Source of House Explosion Confirmed

Fire officials have confirmed the source of a weekend house explosion.

Fire officials confirmed Monday that gas was the source of an early morning house explosion Sunday.

"It has been confirmed to be a gas explosion and the cause is not determined yet," said Fire Chief James Fortin.

The exact cause of the explosion that left one person injured is still being investigated by the State Fire Marshal's Office, he said. Details on the condition of the victim were not available.

"The person that was involved, the victim, is still at UMass with an unknown condition," said Chief Fortin.

At 1:04 a.m. on Sunday morning, multiple 911 calls were received alerting the Marlborough Fire Department to a house explosion at 15 Grant Ct. Neighbors reported feeling the explosion which left the house's walls blown out and the structure on fire.

Fire crews left the area at 4:37 a.m.

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Paul Bishop October 30, 2012 at 03:13 PM
Gas (be it propane or natural gas) can ignite without an external flame or spark source, particularly when there has been a significant leak (as was the case). Static from the escaping gas can do it, but any spark or flame is plenty. A pilot light in a water heater or furnace, a spark inside a lightswitch as it turns on- that is all that is needed as an ignition source. Once a fuel/air detonation like this begins, the dynamics of the explosion are incredible to say the least. Remember the Iraq war "shock and awe" campaign and the "mother of all bombs", or the tunnel-destroying missiles used in the Afghan mountains- both of those weapons are based upon the same effect that blew this home up. A fuel vapor detonation is incredibly powerful and eminently lethal. Unfortunately, I know more about this subject than most firefighters.. and am making efforts to prevent this type of thing from ever happening again. Though disabled these days, I remain an engineer at heart, and have been working on designs for a failsafe valve system which would prevent this type of event. It is my dream to implement this system and have it be made mandatory in all residential gas installations. A fifty dollar failsafe valve would have saved this house-- and saved the victim from the flash burns, concussion injuries, and internal bleeding which result from being close to detonation center. I know this nightmare too well, it haunts me- and I would like to make this monster a thing of the past.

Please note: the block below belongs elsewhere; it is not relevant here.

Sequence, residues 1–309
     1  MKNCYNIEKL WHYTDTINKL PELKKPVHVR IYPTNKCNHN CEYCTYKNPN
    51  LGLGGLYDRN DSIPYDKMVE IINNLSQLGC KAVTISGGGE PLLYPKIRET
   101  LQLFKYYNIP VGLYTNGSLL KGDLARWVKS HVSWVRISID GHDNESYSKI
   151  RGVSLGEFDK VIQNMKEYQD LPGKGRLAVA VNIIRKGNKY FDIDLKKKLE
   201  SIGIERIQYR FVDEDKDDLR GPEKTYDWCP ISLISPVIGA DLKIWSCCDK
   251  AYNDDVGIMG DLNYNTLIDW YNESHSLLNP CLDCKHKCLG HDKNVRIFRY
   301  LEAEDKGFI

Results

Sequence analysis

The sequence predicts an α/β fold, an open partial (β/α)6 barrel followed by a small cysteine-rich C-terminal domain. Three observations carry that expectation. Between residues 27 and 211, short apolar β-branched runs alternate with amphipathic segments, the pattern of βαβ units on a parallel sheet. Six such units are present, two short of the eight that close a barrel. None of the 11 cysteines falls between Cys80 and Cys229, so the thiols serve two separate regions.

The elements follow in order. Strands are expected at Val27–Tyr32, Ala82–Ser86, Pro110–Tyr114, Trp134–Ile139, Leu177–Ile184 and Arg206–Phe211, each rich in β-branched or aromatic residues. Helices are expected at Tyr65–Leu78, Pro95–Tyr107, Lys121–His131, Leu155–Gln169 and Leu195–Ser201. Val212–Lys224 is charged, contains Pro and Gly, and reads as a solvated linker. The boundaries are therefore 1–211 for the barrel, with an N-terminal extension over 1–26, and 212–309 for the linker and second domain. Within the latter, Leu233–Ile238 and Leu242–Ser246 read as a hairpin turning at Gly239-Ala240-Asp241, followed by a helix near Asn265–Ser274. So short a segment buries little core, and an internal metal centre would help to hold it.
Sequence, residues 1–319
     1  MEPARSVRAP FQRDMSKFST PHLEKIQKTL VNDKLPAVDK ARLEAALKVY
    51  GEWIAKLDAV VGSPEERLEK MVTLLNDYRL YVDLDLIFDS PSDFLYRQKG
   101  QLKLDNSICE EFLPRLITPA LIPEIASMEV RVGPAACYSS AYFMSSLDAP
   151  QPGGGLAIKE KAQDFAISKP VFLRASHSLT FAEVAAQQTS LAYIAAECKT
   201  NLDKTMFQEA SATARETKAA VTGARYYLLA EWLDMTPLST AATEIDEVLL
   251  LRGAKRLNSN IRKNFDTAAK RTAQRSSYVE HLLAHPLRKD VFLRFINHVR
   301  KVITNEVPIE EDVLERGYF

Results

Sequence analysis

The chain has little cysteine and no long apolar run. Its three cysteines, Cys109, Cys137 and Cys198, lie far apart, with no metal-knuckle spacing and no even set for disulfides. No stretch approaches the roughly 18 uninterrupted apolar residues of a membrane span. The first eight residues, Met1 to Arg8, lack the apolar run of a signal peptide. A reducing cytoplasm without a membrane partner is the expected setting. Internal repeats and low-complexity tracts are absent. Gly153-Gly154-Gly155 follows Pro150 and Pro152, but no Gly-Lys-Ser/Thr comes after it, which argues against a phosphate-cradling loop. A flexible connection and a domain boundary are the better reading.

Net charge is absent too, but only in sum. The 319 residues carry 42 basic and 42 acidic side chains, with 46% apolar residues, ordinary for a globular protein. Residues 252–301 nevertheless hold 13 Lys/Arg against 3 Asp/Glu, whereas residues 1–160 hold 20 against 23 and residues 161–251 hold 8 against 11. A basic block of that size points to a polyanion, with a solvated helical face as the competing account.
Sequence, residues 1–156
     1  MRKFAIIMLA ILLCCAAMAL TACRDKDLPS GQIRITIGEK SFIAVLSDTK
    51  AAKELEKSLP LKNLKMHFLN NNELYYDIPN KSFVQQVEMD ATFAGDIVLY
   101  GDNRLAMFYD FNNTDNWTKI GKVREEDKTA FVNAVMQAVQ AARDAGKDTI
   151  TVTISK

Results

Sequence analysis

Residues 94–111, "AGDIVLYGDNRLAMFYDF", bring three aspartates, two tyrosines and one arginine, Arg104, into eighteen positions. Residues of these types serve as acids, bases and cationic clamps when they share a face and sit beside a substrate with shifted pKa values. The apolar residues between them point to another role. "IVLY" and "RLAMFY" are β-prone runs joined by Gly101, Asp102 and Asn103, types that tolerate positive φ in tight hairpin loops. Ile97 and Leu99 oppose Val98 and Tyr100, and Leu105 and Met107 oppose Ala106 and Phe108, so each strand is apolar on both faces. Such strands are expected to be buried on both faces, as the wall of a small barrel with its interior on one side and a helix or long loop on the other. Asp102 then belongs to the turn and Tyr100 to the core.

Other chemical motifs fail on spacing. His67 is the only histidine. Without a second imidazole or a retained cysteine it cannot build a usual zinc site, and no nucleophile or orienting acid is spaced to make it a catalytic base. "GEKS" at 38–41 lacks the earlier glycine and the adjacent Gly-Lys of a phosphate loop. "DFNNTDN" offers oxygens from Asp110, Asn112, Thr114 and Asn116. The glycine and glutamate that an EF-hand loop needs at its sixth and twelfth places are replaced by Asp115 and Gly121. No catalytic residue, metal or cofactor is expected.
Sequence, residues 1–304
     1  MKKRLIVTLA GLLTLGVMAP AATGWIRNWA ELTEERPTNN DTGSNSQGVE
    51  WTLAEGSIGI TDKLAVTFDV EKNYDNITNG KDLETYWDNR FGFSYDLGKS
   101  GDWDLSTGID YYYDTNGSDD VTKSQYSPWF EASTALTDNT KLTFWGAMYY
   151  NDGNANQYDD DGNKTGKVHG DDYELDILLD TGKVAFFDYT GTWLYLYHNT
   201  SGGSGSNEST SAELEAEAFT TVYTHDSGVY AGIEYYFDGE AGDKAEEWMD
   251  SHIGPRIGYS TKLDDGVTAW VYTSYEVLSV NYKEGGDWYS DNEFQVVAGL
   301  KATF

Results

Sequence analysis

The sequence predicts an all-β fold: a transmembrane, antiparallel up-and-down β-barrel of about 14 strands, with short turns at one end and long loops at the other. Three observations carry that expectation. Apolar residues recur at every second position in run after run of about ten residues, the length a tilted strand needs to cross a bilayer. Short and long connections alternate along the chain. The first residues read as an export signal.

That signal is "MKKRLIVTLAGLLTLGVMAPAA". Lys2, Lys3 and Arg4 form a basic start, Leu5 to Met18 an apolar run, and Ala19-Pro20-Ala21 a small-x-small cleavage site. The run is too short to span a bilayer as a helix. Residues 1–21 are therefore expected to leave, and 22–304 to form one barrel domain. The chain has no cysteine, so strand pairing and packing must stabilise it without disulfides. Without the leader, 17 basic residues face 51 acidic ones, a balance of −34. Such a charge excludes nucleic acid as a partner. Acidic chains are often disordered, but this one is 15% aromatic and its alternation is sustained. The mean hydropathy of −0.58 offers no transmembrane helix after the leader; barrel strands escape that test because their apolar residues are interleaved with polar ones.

Lisa Pannesi October 30, 2012 at 10:14 PM
I am one of the neighbors and I over heard the man from the house as they were putting him in the ambulance that he was trying to light the pilot so from what I understood he lit the match. And I'm sorry and my heart goes out to you for your disability . I have gas heat and stove and it scares me everyday thinking it could happen to me. I would feel safer if there was something in place to stop it. After seeing and feeling his house blow up being right around the corner I'm even more scared if there is anything I can so to help please let me know
Paul Bishop October 31, 2012 at 01:50 AM
To be honest, the design (to me) is common sense. MQ4 sensors, which detect flammable gases, can now be gotten for under five dollars. I am currently looking at pressure transducers to monitor line pressure. A simple microcontroller costing around ten dollars, and a gas valve which requires positive action (meaning the valve shuts off automatically if power is lost). If a drastic pressure drop is detected (broken line), gas in the air, or power failure, the gas is cut off automatically.
corie vazquez October 31, 2012 at 03:46 PM
VinyHater February 06, 2013 at 01:50 PM
I haven't lived in a house with a gas stove since I was a kid. i recently tried to use a pilotless gas burner in a relative's house; after a few minutes I noticed that the pan was not getting hot and the flame had gone out, so I turned off the gas. The way this thing was designed, to get from HIGH to OFF, you had to turn the knob through the IGNITION position; there was no other way to turn off the burner. When I did, there was a big puff!, nothing damaging, but it gave me a bit of a jolt. Imagine if someone did the same thing after the pan had been sitting (supposedly simmering) for 20 minutes, the puff would have been a lot bigger. I'll keep my electric range (which I never use anyway), gas is good for cheap heat, but I don't want it running any appliances.
Paul Bishop February 06, 2013 at 02:18 PM
Look for a blogpost and video coming from me within the next few days. It is time to make these explosions a thing of the past.


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